Friday, 22 August 2008

Prints of Paintings by Gordon Walters

Gordon Walters is easily one of New Zealand's most popular artists. Walters' koru paintings truly deserve the much overused phrase "iconic". Why is it then that we don't have any Gordon Walters prints in stock?

It seems that with the death of Walters in 1995 and Margaret Orbell (Walters' widow) in 2006 the supply of prints to people who appreciate and enjoy Walters paintings without being able to afford an original work is being stopped by the Trustees of the Gordon Walters Estate. Does anyone know why they are taking this stance or have any other information? Please post a comment. We'll update this post as we learn more.

9 comments:

  1. We have written to the Gordon Walters' Estate lawyers in response to their latest missive - Quote "I was not enquiring about Kahukura - I am aware of the Estate's view on this issue from our previous correspondence.

    However your reply seems to confirm that the Trustees have decided that no reproduction prints of Walter's work are going to be sanctioned now both Gordon and Margaret have passed away.

    As a matter of courtesy please could you tell me why the Trustees do not wish to grant the right to reproduce Walter's work as art prints by either commercial publishers or non-commercial galleries such as Christchurch Art Gallery. We are understandably curious as to why the Estate of one of New Zealand's most popular artists have decided his work should not be available as prints for people who love his paintings but can't afford an original until 2045."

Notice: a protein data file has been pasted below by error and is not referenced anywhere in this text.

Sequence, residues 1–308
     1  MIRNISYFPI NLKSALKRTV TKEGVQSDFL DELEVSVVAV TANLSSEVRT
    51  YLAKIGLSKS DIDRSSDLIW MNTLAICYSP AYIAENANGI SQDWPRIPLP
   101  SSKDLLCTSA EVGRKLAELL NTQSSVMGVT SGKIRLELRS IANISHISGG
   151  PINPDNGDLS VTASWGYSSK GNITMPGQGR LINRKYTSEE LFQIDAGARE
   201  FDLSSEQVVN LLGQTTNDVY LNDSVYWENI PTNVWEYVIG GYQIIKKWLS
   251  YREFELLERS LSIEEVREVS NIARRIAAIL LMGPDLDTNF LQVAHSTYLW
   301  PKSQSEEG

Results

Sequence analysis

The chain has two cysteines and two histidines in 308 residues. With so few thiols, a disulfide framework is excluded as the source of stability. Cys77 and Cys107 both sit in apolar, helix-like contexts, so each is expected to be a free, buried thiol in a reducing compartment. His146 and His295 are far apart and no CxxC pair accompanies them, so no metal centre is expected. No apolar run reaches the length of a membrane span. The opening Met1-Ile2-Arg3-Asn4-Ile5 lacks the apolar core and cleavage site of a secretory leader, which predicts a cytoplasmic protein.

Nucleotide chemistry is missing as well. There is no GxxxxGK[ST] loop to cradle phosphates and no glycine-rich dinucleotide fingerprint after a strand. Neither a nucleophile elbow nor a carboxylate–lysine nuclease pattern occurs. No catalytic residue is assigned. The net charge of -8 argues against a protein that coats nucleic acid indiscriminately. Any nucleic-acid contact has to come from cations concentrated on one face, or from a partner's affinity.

We eagerly await their reply and will post their response when we get it...

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  2. Update - the Gordon Walters prints impasse is still not resolved.

    Why are the trustees of the Gordon Walters Foundation being so difficult about approving prints of artwork by one of New Zealand's favourite artists? NZ artists of a similar stature such as Colin McCahon have similar foundations which approve reproduction prints - obviously it's a great way of sharing the artists' work with people who aren't in the market for an original and earning some royalties at the same time.

    Please can someone from the Gordon Walters Foundation respond with a comment below - or can any of our readers shed light on this issue?

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  3. Try contacting Dr Francis Pound, used to be at University of Auckland art history department and who fronted for the Gordon Walters Foundation when Walters was inducted into the Massey "Hall of Fame". Good luck!

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  4. http://www.trademe.co.nz/Art/Prints/Other/auction-305735018.htm

    Is this in breech of the above?

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  5. @anonymous From the size of the Gordon Walters "print" being offered in this auction by Yesteryear Prints (who are a Christchurch suburban picture framer) you can be fairly confident that this is simply a framed postcard that was originally published by the Christchurch Art Gallery a few years ago. So very unlikely to be a breach of copyright. Goes to show what lengths people who enjoy the work of this NZ artist have to go to in order to get an image of his prints or paintings for their walls due to the antediluvian attitude of the Gordon Walters Foundation toward reproduction prints! Each sale of a print would generate royalties for the Foundation's work preserving and promoting his legacy so it's pretty silly not to be meeting the obvious demand for Gordon Walters prints.